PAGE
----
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When you’re the in-law
Becoming an in-law a few years ago made me realize that it’s not an easy role to take on. It’s hard to step back and allow your child’s spouse to become the most important person in his/her life. It’s more than just letting go, it’s also saying your child has someone special to create a life with and our relationship has changed. But stepping back and reassigning your role has to happen so your child and his/her spouse can grow together.
The day I realized my place of importance in my son’s life had been downgraded, I sent my mother-in-law a huge bouquet of flowers and a heartfelt note thanking her for raising such an amazing man and for giving him to me. I realized for the first time how easy she made it for me to take her place in his life.
That insight reminded me that as a mother-in-law, I needed to keep any thoughts or judgments about my son’s marriage, wife, money management, etc., to myself. After talking about it with my husband, we swore we’d honor their marriage and keep from nosing in. It’s not easy, we’ve been butting into his life for the last 25 years. But now, if one of us reverts to old habits and starts to offer an unsolicited opinion, the other reminds them with a swift kick under the table or a “Honey…really?” So far, it’s working. Instead, we compliment our son and his wife on how they’re raising their child, what they’ve accomplished so far, and how they’ve made plans for the future and they’re working toward them. That doesn’t mean we agree with everything they do, but before we open our mouth to say something, we ask ourselves if it’s worth the possibility of alienating them. The answer is usually no and we let it be.
Five tips for dealing with your in-laws:
- Be united. Work together and have a clear plan for dealing with the in-laws. For instance, you each handle all communications and requests for your own parents.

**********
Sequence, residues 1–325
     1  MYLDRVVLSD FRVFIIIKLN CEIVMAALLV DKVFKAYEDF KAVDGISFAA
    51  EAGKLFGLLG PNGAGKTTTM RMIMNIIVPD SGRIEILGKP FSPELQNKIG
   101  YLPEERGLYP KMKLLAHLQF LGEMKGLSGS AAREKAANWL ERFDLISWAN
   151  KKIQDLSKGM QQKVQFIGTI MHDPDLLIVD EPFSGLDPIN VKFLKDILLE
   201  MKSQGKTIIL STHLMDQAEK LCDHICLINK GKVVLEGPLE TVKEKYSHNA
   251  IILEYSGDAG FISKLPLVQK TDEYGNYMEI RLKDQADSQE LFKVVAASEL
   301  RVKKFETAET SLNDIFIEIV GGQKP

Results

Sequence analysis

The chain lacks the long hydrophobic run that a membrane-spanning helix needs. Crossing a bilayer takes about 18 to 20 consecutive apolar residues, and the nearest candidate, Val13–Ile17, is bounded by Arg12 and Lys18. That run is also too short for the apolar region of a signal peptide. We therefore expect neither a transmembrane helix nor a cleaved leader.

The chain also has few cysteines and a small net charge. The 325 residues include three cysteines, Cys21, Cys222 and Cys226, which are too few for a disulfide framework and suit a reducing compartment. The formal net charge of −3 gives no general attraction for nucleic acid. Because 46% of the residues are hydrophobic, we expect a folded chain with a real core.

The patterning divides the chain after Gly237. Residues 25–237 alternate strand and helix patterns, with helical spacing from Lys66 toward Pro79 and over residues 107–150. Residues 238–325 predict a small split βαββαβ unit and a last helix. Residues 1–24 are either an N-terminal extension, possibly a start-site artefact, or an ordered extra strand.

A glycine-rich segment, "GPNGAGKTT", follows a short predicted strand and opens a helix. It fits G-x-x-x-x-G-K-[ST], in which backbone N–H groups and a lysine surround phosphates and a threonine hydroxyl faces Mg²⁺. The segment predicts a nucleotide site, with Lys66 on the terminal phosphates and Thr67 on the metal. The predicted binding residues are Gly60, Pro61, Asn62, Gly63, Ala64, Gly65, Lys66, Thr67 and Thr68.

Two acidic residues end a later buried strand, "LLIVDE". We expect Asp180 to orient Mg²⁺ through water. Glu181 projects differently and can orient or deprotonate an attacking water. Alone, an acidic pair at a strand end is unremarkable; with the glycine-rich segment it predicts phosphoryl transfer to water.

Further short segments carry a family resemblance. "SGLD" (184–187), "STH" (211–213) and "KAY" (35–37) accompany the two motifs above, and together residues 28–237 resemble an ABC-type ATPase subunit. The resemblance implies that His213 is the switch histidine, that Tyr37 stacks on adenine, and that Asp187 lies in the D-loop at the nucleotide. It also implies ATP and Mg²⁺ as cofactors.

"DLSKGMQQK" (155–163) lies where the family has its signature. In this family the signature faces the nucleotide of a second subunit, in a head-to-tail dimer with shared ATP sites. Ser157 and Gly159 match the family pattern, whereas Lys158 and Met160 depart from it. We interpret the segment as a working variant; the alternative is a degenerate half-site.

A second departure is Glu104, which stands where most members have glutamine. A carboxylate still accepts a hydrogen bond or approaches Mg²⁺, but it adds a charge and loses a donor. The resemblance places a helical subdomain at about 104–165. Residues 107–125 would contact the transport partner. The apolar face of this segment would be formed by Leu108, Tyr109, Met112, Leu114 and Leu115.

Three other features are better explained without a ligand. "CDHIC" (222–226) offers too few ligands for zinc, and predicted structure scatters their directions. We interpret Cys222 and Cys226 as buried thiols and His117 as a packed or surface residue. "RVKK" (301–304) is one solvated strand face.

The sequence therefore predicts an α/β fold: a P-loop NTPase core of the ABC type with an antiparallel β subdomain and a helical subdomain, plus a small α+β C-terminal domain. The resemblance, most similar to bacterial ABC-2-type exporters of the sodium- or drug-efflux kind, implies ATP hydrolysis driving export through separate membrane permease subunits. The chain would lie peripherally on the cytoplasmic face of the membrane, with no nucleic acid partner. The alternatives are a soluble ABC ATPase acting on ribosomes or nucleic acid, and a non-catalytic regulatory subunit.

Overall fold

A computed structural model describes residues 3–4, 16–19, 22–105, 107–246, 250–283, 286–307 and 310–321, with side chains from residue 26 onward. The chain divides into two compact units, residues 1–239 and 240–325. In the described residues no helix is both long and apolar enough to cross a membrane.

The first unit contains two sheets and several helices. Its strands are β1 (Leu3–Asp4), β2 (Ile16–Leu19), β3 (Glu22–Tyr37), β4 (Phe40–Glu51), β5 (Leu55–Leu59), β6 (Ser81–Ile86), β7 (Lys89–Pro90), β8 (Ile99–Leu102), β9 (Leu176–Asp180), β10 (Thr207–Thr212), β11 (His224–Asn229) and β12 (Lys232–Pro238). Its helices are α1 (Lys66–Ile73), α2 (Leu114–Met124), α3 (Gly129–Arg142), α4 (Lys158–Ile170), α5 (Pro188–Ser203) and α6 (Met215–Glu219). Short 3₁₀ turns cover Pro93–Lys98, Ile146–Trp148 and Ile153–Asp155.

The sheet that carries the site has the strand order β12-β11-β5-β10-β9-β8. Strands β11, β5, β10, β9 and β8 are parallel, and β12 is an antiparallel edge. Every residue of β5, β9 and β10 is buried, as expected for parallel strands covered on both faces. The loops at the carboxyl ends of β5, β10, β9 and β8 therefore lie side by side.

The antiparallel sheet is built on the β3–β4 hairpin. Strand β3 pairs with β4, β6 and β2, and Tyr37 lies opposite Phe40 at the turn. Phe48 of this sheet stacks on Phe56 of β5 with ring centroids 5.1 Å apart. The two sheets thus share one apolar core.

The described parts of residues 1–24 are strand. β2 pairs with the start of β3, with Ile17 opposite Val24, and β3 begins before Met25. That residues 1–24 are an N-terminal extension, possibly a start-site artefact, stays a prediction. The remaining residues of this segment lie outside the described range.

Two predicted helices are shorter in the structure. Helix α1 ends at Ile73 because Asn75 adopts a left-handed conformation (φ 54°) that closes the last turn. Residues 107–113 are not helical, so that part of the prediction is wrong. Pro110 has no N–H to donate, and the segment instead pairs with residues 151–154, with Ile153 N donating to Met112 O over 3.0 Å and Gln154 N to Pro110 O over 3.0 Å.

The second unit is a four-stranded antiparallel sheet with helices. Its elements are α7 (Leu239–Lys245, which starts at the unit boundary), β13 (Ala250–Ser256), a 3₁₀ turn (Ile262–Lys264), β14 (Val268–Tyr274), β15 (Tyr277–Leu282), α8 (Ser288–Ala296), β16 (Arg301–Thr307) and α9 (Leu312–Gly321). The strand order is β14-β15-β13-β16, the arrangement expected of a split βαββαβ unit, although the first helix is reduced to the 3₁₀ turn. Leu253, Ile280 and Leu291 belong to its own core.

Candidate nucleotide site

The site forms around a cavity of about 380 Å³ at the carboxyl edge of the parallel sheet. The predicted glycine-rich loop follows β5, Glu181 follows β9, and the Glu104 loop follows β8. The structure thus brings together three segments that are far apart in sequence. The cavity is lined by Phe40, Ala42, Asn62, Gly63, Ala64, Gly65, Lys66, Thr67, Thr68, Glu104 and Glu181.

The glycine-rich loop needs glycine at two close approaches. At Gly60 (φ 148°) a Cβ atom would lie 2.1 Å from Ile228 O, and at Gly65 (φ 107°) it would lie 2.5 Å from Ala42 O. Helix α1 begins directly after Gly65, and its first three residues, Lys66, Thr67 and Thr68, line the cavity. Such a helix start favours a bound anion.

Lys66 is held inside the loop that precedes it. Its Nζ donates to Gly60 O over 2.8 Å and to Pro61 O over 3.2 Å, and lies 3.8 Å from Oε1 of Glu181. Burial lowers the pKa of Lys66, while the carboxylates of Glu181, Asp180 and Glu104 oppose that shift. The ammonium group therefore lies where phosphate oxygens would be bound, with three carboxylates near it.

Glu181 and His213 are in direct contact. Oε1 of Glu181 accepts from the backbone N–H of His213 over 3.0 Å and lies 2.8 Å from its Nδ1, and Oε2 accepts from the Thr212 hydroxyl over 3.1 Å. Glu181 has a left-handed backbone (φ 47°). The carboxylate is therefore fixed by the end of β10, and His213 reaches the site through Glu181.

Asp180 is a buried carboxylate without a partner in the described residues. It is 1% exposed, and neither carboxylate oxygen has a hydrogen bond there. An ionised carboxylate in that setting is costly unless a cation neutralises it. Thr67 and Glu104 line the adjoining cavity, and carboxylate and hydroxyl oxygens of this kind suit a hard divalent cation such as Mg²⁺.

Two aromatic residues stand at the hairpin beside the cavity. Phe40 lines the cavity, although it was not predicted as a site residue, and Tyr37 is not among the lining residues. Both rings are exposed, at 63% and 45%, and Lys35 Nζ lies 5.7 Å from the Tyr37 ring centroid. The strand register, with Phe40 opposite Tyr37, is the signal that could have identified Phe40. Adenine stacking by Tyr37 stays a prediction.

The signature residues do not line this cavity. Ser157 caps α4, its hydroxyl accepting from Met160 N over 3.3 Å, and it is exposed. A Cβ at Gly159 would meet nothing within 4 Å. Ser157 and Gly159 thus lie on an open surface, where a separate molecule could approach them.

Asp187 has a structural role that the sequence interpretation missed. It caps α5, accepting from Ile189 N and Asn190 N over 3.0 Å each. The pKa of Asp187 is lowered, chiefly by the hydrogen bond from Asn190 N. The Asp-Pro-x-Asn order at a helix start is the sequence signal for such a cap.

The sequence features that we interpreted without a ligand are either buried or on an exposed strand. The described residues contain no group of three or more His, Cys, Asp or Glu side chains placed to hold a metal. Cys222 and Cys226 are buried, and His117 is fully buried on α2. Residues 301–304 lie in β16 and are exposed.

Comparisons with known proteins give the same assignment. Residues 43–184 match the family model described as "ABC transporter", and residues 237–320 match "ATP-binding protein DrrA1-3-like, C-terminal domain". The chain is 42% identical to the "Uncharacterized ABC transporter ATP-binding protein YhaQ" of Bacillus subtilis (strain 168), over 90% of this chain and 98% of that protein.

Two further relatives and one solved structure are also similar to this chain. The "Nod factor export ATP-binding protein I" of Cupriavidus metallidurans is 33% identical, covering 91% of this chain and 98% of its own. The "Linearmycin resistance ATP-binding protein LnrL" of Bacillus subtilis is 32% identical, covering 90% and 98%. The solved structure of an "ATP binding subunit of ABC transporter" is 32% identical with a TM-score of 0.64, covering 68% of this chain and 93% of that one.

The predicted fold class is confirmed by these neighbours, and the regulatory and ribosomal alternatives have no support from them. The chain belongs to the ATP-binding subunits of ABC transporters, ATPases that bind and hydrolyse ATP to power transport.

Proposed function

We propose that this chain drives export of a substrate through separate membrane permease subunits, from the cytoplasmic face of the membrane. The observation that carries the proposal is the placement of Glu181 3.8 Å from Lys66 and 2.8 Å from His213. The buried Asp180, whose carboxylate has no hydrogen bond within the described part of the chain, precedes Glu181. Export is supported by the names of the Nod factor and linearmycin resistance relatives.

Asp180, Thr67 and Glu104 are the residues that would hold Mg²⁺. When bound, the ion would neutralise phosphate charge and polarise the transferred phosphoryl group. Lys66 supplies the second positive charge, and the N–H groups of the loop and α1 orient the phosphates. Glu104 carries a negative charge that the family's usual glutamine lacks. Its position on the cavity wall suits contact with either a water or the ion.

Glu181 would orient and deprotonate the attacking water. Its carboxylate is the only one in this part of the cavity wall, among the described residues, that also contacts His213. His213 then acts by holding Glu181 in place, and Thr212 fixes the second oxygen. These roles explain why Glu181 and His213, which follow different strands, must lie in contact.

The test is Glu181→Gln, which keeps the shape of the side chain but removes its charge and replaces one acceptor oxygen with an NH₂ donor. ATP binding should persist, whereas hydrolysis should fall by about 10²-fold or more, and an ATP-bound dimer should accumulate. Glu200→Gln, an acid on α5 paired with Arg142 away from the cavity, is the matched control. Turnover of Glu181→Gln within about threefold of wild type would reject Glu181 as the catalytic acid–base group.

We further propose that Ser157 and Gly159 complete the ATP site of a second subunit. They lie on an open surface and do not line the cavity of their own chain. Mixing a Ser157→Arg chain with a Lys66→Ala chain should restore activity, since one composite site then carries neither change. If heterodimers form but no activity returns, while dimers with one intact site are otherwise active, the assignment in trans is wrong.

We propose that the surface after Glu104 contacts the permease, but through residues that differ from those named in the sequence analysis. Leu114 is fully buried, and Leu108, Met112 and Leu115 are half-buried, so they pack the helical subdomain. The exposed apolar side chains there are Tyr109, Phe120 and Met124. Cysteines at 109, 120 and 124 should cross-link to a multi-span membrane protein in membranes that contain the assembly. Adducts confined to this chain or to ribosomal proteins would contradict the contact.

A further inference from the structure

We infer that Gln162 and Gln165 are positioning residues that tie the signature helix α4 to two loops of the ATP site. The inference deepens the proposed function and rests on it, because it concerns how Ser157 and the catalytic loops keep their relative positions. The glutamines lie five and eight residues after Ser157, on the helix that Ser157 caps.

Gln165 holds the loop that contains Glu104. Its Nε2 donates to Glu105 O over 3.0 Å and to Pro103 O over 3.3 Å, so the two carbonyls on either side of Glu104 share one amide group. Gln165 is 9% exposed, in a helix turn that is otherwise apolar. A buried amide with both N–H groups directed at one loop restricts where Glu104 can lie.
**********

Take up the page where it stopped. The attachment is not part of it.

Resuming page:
- Assume the best. Don’t take any advice, suggestions, or comments the in-laws share as being meant to hurt you. Remember, your spouse is their child and they’re emotionally invested in his/her future and happiness. Instead of getting angry, speak with your spouse and decide if it’s better to let it go or deal with it.
- Set boundaries. If a subject comes up that you don’t want to deal with, make sure your spouse knows and feel free to walk away from the situation or have your spouse help you disengage from the conversation. Declare religion and politics off limits (or whatever your hot buttons are).
- Don’t give them any ammunition against your spouse. Keep your marital problems between you (unless you need help or are being harmed). Marriages go through natural ups and downs, and you may reconcile after a tiff, but if you shared what led up to it or what you spouse’s faults are with your parents, it will be hard for them to see your spouse in any other light. Plus, you can’t expect them to stay out of your marriage if you invite them in by sharing your intimate details.
- Treat your in-laws like you’d like to be treated. You know, the Golden Rule. It’s hard to be rude to someone who’s being kind to you. That doesn’t mean you agree with them or that you’re weak. It means that you refuse to let their anger change who you are.
How do you deal with your in-laws? Have any tips for me? Please share in the comments below.